These days it seems that everywhere you go, no matter which store you’re in, someone wants to sign you up for a new store credit card. Whether shopping for apples or zip-ties, the checkout clerk is often certain you need to save 10% on your purchase by applying today — and by the time they’re done describing the many benefits of your new card, you may begin to feel pretty certain, too.
However, just because the card offers you a nice discount doesn’t mean you should hop on its bandwagon. What many people often forget about the temptation-rich store credit card is the “credit card” part. The plastic may say “Kohls” instead of “Chase,” but that doesn’t make it safe; a store credit card can have just as much of an impact on your credit score as its more traditional counterparts.
Store Cards Can Have Real Credit Impacts
To start, the initial application for a store credit card comes with the same hard pull of your credit report as for any other credit application. Depending on the state of your credit, that hard pull can cause your FICO score to drop by as much as five points and your VantageScore by 10 to 20 points. If you have any major purchases coming up for which you might need a loan, such as a vehicle or house purchase, avoid opening any new credit accounts, including store credit cards.
Once you’ve applied, just as with a regular card, the issuer will consider your entire credit history before deciding whether to approve you. Despite popular lore, while store credit cards may be a bit easier to get than other types, stores (or, more specifically, the banks backing the stores’ credit cards) do not simply approve anyone who applies for a card. Those with less-than-perfect credit will have the best luck applying for a privately backed card (one without a major issuer logo). That said, if your poor credit is preventing you from obtaining even a store credit card, you may need to consider a subprime issuer who specializes in credit cards for bad credit.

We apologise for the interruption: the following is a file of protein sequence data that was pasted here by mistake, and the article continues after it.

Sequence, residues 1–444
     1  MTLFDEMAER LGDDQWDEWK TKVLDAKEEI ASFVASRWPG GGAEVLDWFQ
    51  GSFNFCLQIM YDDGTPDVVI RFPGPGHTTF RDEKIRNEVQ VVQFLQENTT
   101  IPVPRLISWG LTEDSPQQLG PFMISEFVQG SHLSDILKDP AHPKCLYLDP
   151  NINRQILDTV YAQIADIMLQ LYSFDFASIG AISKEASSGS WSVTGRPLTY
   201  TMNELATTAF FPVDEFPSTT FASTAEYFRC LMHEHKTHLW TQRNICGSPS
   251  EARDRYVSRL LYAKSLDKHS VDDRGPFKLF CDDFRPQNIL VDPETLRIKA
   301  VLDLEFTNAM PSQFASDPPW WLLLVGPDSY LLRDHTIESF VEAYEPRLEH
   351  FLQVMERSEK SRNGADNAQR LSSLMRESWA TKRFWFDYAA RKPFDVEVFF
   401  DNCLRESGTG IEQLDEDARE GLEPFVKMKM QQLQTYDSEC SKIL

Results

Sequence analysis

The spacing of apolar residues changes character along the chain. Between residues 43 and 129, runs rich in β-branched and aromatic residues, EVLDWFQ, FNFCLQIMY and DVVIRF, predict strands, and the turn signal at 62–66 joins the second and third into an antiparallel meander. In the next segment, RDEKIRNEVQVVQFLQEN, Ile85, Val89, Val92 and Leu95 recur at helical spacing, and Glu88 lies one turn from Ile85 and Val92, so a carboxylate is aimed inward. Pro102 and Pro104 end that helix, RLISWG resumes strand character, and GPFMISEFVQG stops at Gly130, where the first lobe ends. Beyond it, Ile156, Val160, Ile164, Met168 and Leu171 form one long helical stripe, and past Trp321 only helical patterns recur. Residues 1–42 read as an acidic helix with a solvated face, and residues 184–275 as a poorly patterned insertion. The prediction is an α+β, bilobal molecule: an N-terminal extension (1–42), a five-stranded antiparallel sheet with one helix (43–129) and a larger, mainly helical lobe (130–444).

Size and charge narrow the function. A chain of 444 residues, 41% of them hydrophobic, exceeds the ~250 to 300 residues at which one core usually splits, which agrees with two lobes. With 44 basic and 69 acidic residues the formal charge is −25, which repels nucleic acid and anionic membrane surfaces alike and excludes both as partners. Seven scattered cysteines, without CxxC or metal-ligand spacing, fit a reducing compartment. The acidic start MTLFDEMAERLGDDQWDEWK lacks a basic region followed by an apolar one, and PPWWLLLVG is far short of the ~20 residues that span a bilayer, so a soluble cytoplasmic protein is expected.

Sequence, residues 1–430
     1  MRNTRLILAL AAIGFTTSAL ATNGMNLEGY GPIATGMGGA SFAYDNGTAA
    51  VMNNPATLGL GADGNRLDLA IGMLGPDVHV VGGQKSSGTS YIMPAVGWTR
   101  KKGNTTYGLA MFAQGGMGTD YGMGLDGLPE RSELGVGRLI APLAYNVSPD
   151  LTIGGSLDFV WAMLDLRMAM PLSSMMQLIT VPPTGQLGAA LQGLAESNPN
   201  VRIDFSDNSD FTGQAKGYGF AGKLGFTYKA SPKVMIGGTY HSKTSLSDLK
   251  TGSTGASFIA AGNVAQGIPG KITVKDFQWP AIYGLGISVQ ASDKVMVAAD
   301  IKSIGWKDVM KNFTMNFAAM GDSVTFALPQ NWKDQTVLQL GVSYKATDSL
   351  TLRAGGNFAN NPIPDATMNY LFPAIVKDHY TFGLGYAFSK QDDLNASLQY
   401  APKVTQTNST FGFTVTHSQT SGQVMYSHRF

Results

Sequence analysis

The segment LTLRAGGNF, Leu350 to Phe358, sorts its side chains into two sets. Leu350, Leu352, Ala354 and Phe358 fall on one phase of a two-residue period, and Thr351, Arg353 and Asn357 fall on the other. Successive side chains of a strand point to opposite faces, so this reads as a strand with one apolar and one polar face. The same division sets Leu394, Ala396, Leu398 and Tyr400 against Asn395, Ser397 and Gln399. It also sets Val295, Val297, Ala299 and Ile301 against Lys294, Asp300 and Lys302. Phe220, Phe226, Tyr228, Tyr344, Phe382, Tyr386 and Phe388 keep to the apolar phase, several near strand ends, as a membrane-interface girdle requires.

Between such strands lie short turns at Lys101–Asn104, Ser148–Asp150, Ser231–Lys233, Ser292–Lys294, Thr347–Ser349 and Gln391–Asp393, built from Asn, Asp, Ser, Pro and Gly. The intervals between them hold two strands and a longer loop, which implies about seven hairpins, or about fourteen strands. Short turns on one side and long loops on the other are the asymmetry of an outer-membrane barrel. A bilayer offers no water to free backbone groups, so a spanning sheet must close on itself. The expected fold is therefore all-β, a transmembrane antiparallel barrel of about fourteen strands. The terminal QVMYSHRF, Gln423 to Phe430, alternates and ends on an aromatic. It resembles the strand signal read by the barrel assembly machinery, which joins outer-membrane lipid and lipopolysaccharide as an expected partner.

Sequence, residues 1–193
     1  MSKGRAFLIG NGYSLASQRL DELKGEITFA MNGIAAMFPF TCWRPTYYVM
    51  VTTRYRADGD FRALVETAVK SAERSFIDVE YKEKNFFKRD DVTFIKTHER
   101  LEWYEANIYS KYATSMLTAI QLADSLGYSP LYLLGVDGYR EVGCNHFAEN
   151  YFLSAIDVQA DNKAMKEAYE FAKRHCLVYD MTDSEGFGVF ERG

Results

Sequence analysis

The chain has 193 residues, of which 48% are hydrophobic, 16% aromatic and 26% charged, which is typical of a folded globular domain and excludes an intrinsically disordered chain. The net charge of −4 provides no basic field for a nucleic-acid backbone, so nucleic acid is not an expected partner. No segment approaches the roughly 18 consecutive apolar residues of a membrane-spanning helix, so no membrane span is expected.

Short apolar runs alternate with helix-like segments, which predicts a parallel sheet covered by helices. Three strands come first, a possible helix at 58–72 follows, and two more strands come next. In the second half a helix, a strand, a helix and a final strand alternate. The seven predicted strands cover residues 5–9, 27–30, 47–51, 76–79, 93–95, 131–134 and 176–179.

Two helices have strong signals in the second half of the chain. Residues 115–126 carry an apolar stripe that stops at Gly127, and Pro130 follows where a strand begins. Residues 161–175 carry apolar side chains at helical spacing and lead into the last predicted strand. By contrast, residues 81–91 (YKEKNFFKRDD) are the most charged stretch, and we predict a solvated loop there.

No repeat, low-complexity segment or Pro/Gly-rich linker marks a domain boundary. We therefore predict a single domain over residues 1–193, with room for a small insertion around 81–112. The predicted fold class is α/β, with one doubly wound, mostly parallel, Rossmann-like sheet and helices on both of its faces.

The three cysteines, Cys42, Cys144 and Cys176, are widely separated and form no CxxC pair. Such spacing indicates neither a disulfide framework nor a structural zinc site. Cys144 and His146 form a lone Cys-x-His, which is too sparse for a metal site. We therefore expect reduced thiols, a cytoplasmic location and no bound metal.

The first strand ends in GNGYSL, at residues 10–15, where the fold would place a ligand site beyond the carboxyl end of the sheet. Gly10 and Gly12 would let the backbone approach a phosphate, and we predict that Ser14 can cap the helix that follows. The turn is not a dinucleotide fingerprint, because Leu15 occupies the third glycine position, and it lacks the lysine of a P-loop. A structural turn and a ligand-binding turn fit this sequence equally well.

At the other end of the spectrum, not only does applying for a store credit card impact your credit, but so too can closing an old one. Depending on how long you have had the card — and the age of your other accounts — you may actually see a dip in your credit score from closing a store credit card. The average age of all of your credit accounts combined is one of the main factors that goes into calculating your credit score.
On the Plus Side
While it may sound like a lot of negatives, store credit cards (and credit cards in general) aren’t all bad. The responsible use of a store credit card can have many of the same positive impacts to your credit score as would a non-store credit card. For instance, by avoiding late or missing payments on credit cards that report to all three credit bureaus, you can demonstrate positive credit behavior, improving your credit score and your chances of being approved for future credit.
Additionally, not only do many stores have special coupons exclusively for cardholders, but most stores will stack the cardholder discount with in-store coupons. Example? Pair a great Kohl’s coupon with the 25% discount for opening a Kohl’s charge card and you could save hundreds off your purchase.
Regardless of your reasons for opening the card, be it for the discounts, the peripheral perks, or simply to improve your credit, always be wary of carrying a balance on a store credit card. Store cards come with notoriously high interest rates that can quickly negate any savings from an in-store discount. To illustrate this point, let’s consider a shopping trip where $100 worth of items are purchased with a store card. If we say the initial savings from using the store card is 10% (or $10), it leaves a $90 balance on the card. By paying the minimum monthly payment of $5 and carrying the rest of the balance, it would take almost two years to pay off that shopping trip — and it will cost $21 in interest charges.
If you’ve already given into temptation — or a particularly convincing checkout clerk — a few too many times and gotten in over your head with store credit cards, you’ve likely already seen the negative effects they can have on your credit. While getting a handle on your debt is the first step toward rebuilding your credit, it isn’t always easy, especially if the debt is spread across multiple accounts. In this case, working with a reputable debt relief company can be the best way to establish a plan to get back in charge of your finances.